Lime and mint make this refreshing Mojito Kombucha taste like the cocktail but without the alcohol.
This Mojito Kombucha is one of my favorite kombucha recipes, and I've made quite a few. It's light and refreshing, just like a Mojito cocktail.
It does not contain alcohol, which makes it perfect for a non-alcohol option at a party or get-together.
A mojito recipe to try is my Grapefruit Basil Mojito recipe.
❤️ Why You'll Love It
- It is light and refreshing.
- It tastes like a mojito but in kombucha form.
- It's cheaper than store-bought kombucha.
Two Types of Fermentation
The first fermentation of kombucha is when you combine sweetened tea, a kombucha scoby, and some starter tea. You let it ferment for 7-21 days and the result is uncarbonated unflavored kombucha.
The second fermentation involves taking that kombucha you made in the first fermentation and adding flavor, which is what you'll be doing for this recipe.
You let it ferment for another 3-5 days in sealed bottles. The result is a fizzy-flavored drink.
You can ferment even longer, if needed, letting the kombucha ferment for up to 14 days. It all depends on the amount of sugar content in the flavor you're adding, and the temperature of the room.
Warmer temperatures will cause faster fermentation, and higher sugar content will also speed up fermentation.
What Makes Kombucha Fizzy?
The second fermentation is when kombucha gets fizzy. By putting it into a sealed container at room temperature and adding a sugar source (fruit and/or sweetener), carbon dioxide builds.
- Homemade kombucha: You'll need freshly made kombucha that has not been refrigerated yet.
- Lime juice: Fresh lime juice is best. I do not recommend store-bought bottled lime juice.
- Agave syrup: Adds sweetness. You could also use simple syrup.
- Mint: I used fresh mint leaves. You might be able to get away with using mint extract in a very small quantity, but I haven't tried it so I cannot speak to the outcome.
To see the full list of ingredients with measurements and instructions, see the recipe card at the bottom of this post.
Step 1: Pour ¼ cup lime juice into each bottle
Step 2: Pour ¼ cup agave syrup into each bottle.
Step 3: Pour 4 mint leaves into each bottle.
Step 4: Pour homemade kombucha into the bottles, leaving 1-2" head space. Let sit 3-5 days.
Step 5: Pop open the lids at least once a day. Pressure builds, and this allows it to escape.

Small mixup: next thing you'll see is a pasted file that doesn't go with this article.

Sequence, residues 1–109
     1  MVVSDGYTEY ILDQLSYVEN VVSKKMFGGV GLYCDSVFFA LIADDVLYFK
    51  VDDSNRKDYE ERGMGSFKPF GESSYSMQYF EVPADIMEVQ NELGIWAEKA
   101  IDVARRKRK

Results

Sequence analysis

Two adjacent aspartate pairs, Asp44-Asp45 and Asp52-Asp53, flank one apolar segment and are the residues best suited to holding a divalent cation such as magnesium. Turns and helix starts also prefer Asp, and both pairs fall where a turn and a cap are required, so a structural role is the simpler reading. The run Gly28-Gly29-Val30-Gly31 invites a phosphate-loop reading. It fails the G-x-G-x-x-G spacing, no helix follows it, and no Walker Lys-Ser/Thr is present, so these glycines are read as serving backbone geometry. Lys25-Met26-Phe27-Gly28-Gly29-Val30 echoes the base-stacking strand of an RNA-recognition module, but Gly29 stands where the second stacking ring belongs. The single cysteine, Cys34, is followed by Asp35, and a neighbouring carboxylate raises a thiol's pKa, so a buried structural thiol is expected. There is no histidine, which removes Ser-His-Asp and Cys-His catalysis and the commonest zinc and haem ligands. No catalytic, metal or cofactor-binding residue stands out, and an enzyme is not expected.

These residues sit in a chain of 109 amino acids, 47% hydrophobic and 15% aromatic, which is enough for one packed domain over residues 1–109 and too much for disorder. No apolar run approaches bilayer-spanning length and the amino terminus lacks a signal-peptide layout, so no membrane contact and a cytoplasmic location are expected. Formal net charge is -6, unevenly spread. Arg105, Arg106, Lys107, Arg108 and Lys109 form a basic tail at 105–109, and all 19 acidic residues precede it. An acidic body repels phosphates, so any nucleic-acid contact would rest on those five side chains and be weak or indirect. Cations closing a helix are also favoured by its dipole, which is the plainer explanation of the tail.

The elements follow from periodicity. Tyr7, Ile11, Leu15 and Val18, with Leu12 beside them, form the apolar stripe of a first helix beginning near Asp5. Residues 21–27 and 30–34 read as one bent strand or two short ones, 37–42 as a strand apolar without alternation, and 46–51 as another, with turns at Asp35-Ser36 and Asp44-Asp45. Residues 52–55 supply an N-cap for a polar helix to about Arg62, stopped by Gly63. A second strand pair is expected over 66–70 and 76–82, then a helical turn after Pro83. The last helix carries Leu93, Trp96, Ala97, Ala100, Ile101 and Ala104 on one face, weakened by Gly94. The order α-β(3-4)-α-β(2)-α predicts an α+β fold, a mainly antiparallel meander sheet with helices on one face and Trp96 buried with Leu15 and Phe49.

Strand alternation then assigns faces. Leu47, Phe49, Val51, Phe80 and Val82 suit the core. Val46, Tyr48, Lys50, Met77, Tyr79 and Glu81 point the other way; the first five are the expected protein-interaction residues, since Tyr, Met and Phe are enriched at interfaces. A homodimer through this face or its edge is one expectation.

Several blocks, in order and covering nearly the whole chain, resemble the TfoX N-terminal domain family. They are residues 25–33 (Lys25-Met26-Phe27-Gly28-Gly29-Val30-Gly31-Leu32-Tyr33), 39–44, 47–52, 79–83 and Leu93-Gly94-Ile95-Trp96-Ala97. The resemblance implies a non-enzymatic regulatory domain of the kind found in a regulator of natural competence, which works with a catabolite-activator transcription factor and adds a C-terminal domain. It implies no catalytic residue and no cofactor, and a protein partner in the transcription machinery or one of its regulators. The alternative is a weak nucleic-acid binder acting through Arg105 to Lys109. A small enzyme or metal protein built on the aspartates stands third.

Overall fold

Should I Burp My Second Ferment Kombucha?
Yes! If you don't you could have a mess. By adding sugar to the homemade kombucha and fermenting it a second time in bottles with swing-top lids, you're creating an environment for carbonation. If you don't allow it to escape, you'll have kombucha all over your kitchen.
How Long Does It Take To Get Fizzy Kombucha?
It can take anywhere from 1-14 days. It depends on a few things.
- It depends on how much sugar you have in the kombucha. (Sugar in the form of fruit and/or sweetener.) The more sugar, the faster you'll get carbonation.
- It also depends on the weather. Warmer temperature = faster carbonation. I've had bubbly kombucha after a day in summer months and bubbly kombucha after a week in colder months.
- Refrigerate after the kombucha is done fermenting.
- You can substitute the agave syrup with simple syrup, white sugar, or another sweetener, but if you leave the sweetener out altogether you'll get less carbonation because the only ingredient feeding the kombucha would be the lime juice.
5 Secrets To Making Kombucha
Kombucha just got easier!
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- 4 (25 ounce) bottles with flip top lids or other air tight bottles
- Measuring cup
- Line up 4 (25 ounce) bottles with flip top lids or other air tight bottles.
- Pour ¼ cup lime juice, ¼ cup agave syrup, and 4 mint leaves into each 25 ounce bottle.
- Using a funnel, pour freshly made homemade kombucha into each 25 ounce bottle leaving 1-2" head space.
- Let bottles sit out (at 75° - 85°) 3-5 days, making sure to pop the lids each day to let out the pressure of the carbon dioxide. Taste each day to test its flavor and fizziness.
- Refrigerate when you are happy with the amount of fizz and flavor.
*Note: Nutrition information should be considered an estimate only. Different nutrition calculators give you different results.